Business of Media
Attorney-General Michaelia Cash pushes states to fix defamation laws after Voller verdict
Attorney-General Michaelia Cash is pushing the states to make urgent reforms to the nation’s defamation laws to reverse a High Court ruling that has exposed governments and publishers to legal action over the offensive social media comments of third parties, reports News Corp’s Richard Ferguson.
Senator Cash has written to the state and territory attorneys-general this week to urge them to take a nationally consistent approach to defamation reform, arguing the current laws are “not fit for purpose’’.
The High Court in September ruled publishers could be liable for defamatory posts posted by commentators on their social media pages – even ones they do not know are there – and opened the way for a complaint against major media organisations from former Northern Territory youth detainee Dylan Voller.
Senator Cash warns that more needs to be done to balance free speech and “unfiltered” social media commentary in the digital age.
Mark Zuckerberg hits back at Facebook whistleblower claims
Mark Zuckerberg has hit back at the testimony of the Facebook whistleblower Frances Haugen, saying her claims the company puts profit over people’s safety are “just not true”, reports The Guardian’s Dan Milmo.
In a blogpost, the Facebook founder and chief executive addressed one of the most damaging statements in Haugen’s opening speech to US senators on Tuesday, that Facebook puts “astronomical profits before people”.
“At the heart of these accusations is this idea that we prioritise profit over safety and wellbeing. That’s just not true,” he said.
He added: “The argument that we deliberately push content that makes people angry for profit is deeply illogical. We make money from ads, and advertisers consistently tell us they don’t want their ads next to harmful or angry content.”
MEAA backs US union as strike looms over work conditions
The Media, Entertainment & Arts Allliance has backed US screen production union (IATSE) members after they voted to authorise strike action this week, reports TV Tonight.
A ‘yes’ vote of 89.7% of 53,411 International Alliance of Theatrical Stage Employees members has had the immediate effect of forcing the big Hollywood studios back to the bargaining table after they had ignored calls for change to the long hours culture and liveable and sustainable wages and benefits for crews.
A strike is not yet official but could now proceed, just as the sector seeks to recover from the pandemic shutdown.
‘Egregiously unfair’: ABC staff threaten revolt over cuts to pay-boosting scheme
Journalists from the Australian Broadcasting Corporation are threatening strike action after management outlined plans to cut guaranteed pay for about 70 staff members following revelations of underpayment at the public broadcaster, reports SMH’s Zoe Samios, Nick Bonyhady and Lisa Visentin.
ABC management has proposed removing pay-boosting “buyouts” that some staff members receive, after giving eight weeks’ notice. The move comes after fresh revelations of underpayment at the ABC, with a review by accounting giant PwC finding staff members were paid incorrectly for their skill levels and others weren’t paid enough for loadings and allowances.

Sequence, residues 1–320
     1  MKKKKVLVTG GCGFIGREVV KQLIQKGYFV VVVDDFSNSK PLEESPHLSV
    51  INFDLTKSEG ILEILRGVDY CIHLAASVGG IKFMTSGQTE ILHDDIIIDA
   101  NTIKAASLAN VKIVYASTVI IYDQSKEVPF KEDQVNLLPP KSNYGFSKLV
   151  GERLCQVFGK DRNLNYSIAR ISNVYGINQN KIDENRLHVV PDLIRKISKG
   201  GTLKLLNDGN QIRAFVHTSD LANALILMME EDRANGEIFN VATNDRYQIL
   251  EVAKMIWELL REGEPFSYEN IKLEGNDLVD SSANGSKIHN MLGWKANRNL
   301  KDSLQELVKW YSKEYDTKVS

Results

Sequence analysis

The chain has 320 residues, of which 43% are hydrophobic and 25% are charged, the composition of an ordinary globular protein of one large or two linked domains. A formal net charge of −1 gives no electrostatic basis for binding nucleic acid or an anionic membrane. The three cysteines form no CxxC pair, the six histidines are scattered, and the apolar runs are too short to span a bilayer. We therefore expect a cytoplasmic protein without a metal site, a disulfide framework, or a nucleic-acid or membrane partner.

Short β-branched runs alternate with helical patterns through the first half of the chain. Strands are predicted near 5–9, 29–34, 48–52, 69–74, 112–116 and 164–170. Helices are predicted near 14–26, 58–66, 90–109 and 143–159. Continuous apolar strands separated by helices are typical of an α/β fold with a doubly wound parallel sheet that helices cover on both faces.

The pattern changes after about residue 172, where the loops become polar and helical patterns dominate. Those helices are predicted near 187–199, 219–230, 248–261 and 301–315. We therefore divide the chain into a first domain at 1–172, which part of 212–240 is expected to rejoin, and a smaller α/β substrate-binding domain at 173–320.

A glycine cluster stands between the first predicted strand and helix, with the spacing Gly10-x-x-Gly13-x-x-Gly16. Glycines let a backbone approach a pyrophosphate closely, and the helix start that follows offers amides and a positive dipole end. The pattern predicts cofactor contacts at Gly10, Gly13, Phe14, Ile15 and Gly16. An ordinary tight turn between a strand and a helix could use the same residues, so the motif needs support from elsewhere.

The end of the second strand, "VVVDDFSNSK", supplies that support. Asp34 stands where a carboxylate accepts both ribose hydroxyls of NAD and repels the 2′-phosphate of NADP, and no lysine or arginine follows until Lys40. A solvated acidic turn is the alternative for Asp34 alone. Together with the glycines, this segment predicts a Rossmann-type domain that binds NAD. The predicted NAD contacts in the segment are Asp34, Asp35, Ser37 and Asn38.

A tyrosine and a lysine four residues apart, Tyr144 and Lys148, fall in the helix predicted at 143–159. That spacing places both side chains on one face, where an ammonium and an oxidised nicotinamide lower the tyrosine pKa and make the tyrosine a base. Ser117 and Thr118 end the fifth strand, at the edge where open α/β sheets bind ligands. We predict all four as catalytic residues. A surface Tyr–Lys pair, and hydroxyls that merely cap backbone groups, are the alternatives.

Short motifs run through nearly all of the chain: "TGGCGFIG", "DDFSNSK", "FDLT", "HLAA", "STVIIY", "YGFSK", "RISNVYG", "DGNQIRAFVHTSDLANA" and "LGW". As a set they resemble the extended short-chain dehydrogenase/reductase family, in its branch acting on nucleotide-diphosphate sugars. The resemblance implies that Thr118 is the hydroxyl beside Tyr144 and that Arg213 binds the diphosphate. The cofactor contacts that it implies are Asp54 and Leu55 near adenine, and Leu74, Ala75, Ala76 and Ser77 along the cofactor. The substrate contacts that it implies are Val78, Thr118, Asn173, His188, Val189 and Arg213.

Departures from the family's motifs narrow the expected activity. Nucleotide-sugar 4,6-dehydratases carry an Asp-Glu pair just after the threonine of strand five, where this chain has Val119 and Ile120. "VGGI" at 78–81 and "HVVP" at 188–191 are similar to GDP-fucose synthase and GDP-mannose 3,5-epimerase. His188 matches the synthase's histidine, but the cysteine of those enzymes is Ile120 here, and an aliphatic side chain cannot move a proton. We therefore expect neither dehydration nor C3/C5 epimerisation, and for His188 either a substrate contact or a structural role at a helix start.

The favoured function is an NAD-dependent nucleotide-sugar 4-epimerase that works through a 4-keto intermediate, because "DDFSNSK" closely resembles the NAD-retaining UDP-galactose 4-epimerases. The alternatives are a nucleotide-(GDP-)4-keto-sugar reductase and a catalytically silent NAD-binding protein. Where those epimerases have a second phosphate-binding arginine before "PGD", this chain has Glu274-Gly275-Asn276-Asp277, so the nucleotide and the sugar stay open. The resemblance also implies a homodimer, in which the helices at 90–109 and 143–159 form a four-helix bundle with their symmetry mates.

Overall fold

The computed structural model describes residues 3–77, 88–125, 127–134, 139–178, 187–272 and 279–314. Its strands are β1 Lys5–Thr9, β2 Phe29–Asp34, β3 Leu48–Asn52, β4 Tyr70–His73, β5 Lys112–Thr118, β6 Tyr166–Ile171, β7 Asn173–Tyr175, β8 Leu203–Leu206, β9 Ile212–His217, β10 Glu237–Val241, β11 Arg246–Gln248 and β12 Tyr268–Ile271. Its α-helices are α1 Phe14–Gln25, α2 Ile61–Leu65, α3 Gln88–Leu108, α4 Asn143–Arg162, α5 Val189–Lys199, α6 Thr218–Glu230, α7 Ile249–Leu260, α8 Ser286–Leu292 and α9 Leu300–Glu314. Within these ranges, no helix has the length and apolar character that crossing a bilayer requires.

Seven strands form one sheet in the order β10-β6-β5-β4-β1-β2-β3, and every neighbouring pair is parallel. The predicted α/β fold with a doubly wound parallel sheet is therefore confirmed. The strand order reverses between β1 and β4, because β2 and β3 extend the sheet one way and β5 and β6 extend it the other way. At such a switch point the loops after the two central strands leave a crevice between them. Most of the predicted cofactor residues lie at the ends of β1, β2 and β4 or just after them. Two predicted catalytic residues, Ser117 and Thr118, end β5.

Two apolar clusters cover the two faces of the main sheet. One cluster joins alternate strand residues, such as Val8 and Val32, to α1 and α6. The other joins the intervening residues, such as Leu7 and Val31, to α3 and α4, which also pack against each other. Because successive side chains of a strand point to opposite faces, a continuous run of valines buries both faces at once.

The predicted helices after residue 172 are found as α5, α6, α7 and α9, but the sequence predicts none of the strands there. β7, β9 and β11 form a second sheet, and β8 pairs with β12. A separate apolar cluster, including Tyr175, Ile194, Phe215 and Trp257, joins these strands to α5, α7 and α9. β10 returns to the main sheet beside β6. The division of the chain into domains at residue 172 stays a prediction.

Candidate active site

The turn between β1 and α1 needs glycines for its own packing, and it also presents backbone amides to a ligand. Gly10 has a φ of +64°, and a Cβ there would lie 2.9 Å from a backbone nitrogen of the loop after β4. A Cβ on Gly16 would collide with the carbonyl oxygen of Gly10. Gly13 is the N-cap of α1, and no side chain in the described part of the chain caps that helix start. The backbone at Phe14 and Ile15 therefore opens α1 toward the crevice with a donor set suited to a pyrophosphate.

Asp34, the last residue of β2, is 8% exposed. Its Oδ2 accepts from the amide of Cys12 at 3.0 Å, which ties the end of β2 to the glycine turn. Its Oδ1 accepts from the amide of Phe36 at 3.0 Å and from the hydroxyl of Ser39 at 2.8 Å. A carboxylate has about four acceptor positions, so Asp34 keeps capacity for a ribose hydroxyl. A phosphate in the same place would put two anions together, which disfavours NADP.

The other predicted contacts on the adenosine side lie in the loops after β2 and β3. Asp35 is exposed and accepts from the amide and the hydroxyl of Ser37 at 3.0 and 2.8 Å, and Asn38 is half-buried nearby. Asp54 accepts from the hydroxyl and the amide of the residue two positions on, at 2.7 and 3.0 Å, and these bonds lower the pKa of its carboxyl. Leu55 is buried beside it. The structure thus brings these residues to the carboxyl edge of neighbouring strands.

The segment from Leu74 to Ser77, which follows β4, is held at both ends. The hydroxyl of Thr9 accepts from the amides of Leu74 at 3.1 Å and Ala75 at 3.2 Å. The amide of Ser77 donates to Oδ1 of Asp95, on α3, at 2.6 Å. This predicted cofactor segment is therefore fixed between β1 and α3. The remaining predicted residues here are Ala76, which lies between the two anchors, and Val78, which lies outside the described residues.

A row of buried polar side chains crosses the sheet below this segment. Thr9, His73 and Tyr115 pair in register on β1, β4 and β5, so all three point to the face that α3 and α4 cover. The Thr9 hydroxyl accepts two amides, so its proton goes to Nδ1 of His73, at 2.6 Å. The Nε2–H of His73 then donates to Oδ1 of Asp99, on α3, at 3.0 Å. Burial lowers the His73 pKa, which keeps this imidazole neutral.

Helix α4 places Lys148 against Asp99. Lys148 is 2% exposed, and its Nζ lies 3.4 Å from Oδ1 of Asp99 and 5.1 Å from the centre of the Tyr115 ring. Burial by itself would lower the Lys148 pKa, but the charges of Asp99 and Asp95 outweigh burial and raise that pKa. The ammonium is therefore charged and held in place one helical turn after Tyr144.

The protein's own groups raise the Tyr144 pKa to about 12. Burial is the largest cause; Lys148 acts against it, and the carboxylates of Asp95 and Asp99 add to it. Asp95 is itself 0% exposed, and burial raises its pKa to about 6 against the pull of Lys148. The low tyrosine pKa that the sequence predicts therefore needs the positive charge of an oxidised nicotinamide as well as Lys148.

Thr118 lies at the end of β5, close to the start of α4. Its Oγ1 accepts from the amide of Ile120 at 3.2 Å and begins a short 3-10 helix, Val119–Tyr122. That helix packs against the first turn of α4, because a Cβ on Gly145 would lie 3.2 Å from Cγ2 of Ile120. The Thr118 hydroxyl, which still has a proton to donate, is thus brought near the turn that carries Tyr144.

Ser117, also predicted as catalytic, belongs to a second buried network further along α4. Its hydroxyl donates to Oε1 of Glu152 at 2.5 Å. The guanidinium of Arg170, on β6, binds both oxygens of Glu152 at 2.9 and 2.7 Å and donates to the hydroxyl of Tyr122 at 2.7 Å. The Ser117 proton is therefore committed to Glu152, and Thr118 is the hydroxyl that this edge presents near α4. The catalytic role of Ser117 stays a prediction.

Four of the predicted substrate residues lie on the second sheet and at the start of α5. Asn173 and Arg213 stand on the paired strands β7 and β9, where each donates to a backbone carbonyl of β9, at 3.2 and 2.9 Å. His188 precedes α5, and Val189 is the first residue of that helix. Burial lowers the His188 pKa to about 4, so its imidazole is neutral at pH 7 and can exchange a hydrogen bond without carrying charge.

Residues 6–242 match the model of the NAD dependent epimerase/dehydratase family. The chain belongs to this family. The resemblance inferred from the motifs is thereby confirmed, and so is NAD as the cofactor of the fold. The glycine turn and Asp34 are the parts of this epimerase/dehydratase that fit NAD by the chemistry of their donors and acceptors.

Buyouts are intended to be a mutually beneficial way for the broadcaster to pay staff doing long or unpredictable hours because they replace allowances, overtime and penalty rates with a higher base salary, usually about 25 per cent above normal levels, according to ABC sources.
However, the recent PWC review found some buyouts had left staff more than $10,000 worse off over a six-year period compared to their pay had they tallied up their hours.
Fox News host Tucker Carlson rails against Australia’s ‘horrifying’ Covid restrictions
Fox News host Tucker Carlson has condemned Australia’s response to Covid as a “horrifying” attack on civil liberties which betrays the country’s reputation for “rugged individualism”, reports Guardian Australia’s Amanda Meade.
“To see your media, and most of your public officials, endorse policies that are just so destructive of basic civil liberties is so crazy, I mean with respect,” Carlson said on Wednesday. “It’s horrifying.”
The popular right-wing talkshow host, who broadcasts to an average 3 million people in the US on Tucker Carlson Tonight, made the remarks while launching journalist Sharri Markson’s book about the origins of Covid in an online event hosted by the Australian newspaper.
Radio star Kyle Sandilands bans NSW Premier Dominic Perrottet from his show
Radio star Kyle Sandilands has sensationally banned NSW Premier Dominic Perrottet from appearing on his show just a day after the new leader got the top job, reports News Corp’s Erin Lyons.
Sandilands made the bold call while he and co-host Jackie ‘O’ Henderson were speaking to a celebrity psychic on KIIS FM.
The trio were discussing concerns around the Premier’s conservative views, with psychic medium Georgina Walker calling him a “strong leader” before predicting it isn’t likely he will be popular.
During the segment Sandilands announced he didn’t like Mr Perrottet’s “vibe”.
“Oh this guy’s gotta go, he’s never allowed on the show guys, just so you know,” he told listeners.
ACRAs: Ray Hadley a glaring omission from radio awards
Australia’s most celebrated radio host was a glaring omission in the 2021 Australian Commercial Radio Award (ACRA) nominations, reports News Corp’s Jonathon Moran.